Michael Gove calls for FSA to be informed of intelligence on meat plants

Michael Gove, the environment secretary, has intervened in the fallout over food standards at the country’s largest chicken supplier by stating that supermarkets and food assurance schemes should hand over intelligence on meat plants to the Food Standards Agency.

The comments were made after the Guardian and ITV News revealed on Tuesday how Tesco food standards inspectors had unearthed a series of “major” process issues at a second 2 Sisters Food Group factory, on the same weekend that separate concerns prompted the temporary closure of the firm’s Site D in West Bromwich in October.

Tesco conducted a series of emergency inspections of 2 Sisters chicken factories as a direct response to a Guardian and ITV undercover investigation into Site D at the end of September.

Having unearthed process problems at the Coupar Angus plant in Perth and Kinross – which were all distinct from what was filmed at Site D – Tesco “insisted these were addressed immediately to prevent any food safety issues”.

During his appearance in front of the environment, food and rural affairs committee on Wednesday, Gove was told how the FSA was not being informed “of what’s happening in [meat] factories” following inspections conducted by the supermarkets and food standards assurance schemes, such as Red Tractor.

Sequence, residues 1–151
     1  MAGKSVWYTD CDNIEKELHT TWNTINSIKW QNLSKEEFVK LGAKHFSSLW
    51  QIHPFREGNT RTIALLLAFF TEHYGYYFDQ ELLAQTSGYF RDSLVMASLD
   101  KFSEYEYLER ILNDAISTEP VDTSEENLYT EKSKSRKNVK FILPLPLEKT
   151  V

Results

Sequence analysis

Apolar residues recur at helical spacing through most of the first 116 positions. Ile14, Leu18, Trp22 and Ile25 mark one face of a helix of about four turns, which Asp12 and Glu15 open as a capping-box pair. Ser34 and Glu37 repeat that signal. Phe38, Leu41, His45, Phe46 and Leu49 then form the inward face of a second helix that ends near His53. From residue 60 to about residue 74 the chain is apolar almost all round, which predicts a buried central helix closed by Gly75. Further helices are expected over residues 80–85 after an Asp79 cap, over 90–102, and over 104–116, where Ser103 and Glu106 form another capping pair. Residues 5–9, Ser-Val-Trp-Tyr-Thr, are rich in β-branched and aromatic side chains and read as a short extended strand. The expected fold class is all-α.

John Grogan MP asked: “Do you think they should be informed, secretary of state?”

Gove replied: “Yes.”

Tesco said it “works closely” with the regulator and had shared “the key findings from our inspections at 2 Sisters Food Group with the FSA”. The grocer handed the full Coupar Angus report to the FSA after being contacted by the Guardian and ITV.

The exchange follows leaked documents showing how Tesco’s auditors gave the Coupar Angus plant what they described as a “red” rating because of five “major” process failings. Fewer than 1% of Tesco supplier sites receive a “red” audit rating. The audit did not find the food was unsafe or that food safety regulations had been breached.

A spokesman for 2 Sisters, which pledged on Tuesday to publish audit findings from its sites, said: “ITV and the Guardian are referring to standard inspection audits and appear to be trying to damage the reputation of our factories and potentially the livelihoods of 23,000 colleagues by misrepresenting them. There is and never was any risk to food safety at Coupar Angus. This is using old news to highlight issues which were resolved with our customer two months ago.”